Thanks for your thoughts on "The Red Wheelbarrow". You may have guessed that it was my tongue-in-cheek contribution to the dabate on the original in the Discussions section.

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Patricia and Stefan Wilde

Sat 27th Aug 2011 22:08


illustrations indeed are very pro!

brill!

S.W.

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Ann Foxglove

Thu 8th Apr 2010 14:44

Hi, thanks for comments on Missing Person. I wrote this on the bus yesterday, where there was a small poster about a missing woman. She looked so carefree in the photo. Bits of her car have been found washed up on the coast near where she worked. So who knows? The character in the poem is made up by me (or maybe is me!) As to the fate of the missing woman, her family still wait and hope!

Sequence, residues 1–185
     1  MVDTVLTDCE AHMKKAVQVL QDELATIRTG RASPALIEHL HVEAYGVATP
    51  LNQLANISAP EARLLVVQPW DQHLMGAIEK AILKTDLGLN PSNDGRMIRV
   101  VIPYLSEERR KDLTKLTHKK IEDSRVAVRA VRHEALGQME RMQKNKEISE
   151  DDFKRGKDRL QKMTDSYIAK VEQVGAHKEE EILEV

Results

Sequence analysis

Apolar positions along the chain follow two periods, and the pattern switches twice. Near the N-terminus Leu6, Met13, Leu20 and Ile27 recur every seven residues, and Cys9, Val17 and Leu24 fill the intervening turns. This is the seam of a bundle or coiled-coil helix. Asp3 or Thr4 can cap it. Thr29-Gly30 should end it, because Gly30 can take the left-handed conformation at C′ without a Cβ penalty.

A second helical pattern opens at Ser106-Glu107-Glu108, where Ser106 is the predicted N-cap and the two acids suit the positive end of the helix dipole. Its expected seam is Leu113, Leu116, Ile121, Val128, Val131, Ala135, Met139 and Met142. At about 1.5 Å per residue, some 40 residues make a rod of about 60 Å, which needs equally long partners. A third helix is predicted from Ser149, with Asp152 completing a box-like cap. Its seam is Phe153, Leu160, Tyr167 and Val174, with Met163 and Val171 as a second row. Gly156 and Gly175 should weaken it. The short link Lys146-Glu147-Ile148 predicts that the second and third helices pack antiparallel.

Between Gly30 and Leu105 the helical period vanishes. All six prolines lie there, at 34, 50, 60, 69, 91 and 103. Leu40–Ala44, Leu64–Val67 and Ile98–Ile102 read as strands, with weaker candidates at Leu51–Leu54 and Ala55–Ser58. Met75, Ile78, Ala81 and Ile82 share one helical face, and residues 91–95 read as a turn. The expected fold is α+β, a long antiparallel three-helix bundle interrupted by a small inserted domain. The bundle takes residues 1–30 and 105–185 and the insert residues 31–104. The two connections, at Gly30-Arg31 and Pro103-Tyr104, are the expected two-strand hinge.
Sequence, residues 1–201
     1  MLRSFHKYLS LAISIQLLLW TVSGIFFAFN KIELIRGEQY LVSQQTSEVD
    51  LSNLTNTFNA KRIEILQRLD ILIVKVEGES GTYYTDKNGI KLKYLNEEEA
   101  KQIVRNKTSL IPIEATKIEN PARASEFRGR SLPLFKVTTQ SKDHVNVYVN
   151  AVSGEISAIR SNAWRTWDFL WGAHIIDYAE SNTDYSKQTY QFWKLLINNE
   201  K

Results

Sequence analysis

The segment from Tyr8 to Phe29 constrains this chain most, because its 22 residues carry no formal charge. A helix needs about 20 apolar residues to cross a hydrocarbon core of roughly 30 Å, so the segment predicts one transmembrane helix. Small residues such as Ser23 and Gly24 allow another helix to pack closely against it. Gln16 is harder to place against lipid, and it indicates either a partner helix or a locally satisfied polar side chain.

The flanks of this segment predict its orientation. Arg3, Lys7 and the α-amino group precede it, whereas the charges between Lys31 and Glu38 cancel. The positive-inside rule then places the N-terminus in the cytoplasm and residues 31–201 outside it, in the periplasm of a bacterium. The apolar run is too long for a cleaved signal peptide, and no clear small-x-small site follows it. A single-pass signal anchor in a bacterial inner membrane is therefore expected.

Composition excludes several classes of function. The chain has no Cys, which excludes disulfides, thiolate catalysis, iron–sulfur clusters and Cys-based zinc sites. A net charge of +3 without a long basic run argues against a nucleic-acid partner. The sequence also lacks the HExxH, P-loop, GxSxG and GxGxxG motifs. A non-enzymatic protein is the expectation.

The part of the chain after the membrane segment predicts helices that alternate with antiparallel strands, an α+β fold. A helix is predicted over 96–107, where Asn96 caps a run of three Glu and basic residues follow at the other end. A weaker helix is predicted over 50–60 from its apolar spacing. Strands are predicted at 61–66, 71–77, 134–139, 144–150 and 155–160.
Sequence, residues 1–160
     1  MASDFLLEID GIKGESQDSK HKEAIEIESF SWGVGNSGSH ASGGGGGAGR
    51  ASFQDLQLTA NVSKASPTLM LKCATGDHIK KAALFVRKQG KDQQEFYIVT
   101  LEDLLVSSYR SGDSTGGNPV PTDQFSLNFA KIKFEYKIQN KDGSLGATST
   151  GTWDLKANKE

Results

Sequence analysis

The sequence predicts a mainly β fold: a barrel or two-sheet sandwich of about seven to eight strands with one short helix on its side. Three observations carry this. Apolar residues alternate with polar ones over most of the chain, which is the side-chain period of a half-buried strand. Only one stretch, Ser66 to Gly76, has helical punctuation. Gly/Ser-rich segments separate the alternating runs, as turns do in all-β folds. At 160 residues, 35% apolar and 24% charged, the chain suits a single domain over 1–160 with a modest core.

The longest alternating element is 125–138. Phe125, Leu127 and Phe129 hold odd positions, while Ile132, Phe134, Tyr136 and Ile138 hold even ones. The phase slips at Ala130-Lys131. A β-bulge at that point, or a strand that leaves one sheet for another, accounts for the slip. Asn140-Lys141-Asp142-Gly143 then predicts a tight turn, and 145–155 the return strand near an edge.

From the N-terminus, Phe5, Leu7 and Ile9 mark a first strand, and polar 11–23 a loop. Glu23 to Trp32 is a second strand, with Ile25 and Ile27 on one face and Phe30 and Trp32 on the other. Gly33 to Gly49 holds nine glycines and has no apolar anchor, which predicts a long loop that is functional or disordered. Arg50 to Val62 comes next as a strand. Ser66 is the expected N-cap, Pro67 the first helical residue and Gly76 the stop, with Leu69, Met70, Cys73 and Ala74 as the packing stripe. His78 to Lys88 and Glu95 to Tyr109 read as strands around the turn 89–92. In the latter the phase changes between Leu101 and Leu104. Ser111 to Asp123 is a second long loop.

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chris yates

Wed 19th Aug 2009 16:37

Thanks for your comment and would love to come to festival but would need directions

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chris yates

Tue 28th Jul 2009 16:24

loved the carbon footprint hilarious lol

Deborah Jordan

Thu 26th Mar 2009 00:10

Hello Tim, thank you for your comments on my words,Trust. I am happy you liked it,Deb x

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Tim Ellis

Tue 13th Jan 2009 17:16

Hello David.

Yes, I'm off work at the moment with an injured arm, so I've got far too much time to sit watching the birds in the garden. I've got a regular flock of long-tailed tits that visits my feeder, and there's a red kite hanging around Harrogate at the moment that keeps flying over my house. It'll get a poem written about it if it's not careful! See you at WW sometime soon?

<Deleted User> (4496)

Sat 10th Jan 2009 17:24

Tim,

Good evening. Welcome to WOL - bet birds of the world have their heads all tucked under their wings, just now